If none of these reasons resonate with you, don’t panic! Everyone is different, and sometimes our reasons for procrastinating are not always clear. While understanding what drives your procrastination can be a huge help in changing your habits, you can still be successful even if the cause of your procrastination eludes you.
Overcoming the Temptation to Procrastinate
Once you’ve identified some possible reasons for your procrastination habit, check out the suggestions below and identify a few solutions which may be useful for you. Not all of these will work for everyone, but we’re willing to assert that they’re all worth a shot—research says so!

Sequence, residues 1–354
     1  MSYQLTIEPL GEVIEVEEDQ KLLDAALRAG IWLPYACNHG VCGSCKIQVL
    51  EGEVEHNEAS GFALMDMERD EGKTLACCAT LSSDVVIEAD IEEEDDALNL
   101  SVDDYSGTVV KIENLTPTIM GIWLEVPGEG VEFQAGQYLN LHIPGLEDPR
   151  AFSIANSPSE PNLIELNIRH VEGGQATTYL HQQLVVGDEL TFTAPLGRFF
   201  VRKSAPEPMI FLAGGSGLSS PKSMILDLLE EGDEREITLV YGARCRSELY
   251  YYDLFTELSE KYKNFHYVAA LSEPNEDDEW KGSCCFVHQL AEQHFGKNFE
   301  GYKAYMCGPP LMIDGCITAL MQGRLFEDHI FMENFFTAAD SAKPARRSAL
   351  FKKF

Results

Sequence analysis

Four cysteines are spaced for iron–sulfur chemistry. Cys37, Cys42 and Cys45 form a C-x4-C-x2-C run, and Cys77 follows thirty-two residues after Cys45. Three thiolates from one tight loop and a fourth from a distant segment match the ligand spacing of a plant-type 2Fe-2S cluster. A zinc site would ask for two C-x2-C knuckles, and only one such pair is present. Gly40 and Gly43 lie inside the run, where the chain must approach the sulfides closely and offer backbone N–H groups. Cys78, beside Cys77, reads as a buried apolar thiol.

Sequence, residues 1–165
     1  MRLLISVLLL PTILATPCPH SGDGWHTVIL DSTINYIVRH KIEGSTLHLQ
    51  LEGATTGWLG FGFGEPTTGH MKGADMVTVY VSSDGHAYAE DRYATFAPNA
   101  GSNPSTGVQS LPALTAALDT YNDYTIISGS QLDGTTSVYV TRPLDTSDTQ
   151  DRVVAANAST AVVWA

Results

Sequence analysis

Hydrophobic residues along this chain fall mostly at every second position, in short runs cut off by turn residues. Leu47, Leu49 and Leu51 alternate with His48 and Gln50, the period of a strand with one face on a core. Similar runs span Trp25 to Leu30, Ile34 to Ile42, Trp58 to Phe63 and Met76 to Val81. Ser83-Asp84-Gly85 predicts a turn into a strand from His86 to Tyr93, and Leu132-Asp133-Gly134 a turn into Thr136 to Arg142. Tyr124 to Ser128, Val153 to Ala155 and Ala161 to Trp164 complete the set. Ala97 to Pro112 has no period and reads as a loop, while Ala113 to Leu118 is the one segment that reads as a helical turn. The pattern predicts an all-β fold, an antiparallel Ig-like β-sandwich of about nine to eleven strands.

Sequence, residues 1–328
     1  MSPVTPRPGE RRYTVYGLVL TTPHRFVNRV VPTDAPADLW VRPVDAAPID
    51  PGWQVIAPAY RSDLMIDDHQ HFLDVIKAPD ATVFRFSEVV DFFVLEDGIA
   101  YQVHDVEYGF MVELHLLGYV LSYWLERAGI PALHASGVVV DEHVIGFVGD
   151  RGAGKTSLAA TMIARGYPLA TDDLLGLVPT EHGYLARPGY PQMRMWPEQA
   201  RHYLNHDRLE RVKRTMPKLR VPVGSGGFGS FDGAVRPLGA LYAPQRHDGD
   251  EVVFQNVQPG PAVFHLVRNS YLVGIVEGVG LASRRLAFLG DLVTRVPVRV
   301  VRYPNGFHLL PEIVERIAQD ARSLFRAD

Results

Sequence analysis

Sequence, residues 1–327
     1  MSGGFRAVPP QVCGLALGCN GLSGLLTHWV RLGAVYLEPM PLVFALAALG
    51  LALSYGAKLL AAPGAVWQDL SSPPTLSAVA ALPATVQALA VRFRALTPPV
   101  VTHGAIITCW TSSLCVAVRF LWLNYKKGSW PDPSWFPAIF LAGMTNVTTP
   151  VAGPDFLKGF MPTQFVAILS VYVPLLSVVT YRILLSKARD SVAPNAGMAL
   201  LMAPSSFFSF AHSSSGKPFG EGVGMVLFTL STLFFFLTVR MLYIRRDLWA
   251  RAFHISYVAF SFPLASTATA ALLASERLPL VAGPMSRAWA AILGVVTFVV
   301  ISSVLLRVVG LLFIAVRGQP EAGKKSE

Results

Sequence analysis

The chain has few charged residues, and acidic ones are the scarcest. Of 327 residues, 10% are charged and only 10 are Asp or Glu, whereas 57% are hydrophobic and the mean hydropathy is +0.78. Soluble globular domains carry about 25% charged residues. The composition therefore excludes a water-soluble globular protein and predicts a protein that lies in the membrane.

1. The Pomodoro Technique
This work method, named for its dependence on those adorable, tomato-shaped kitchen timers, is particularly effective for those who have difficulty maintaining focus for long periods of time.
Developed by Francesco Cirillo, this technique has changed the lives of those who regularly succumb to bad time management habits. The Pomodoro Technique has spawned a book, software, and even time management courses, but the core technique is incredibly simple and free for anyone to try. All you’ll need is a timer—your phone, an internet app, or any other alarm will do.
- Pick your task. Whether it’s a school paper, a work proposal, or some routine house cleaning, identify the goal you want to accomplish.
- Set a timer for 25 minutes and focus solely on this task until the timer rings. If you think of something important you must do, write it down and come back to it after your time is up. If someone attempts to interrupt you, kindly let them know that you’ll be with them shortly.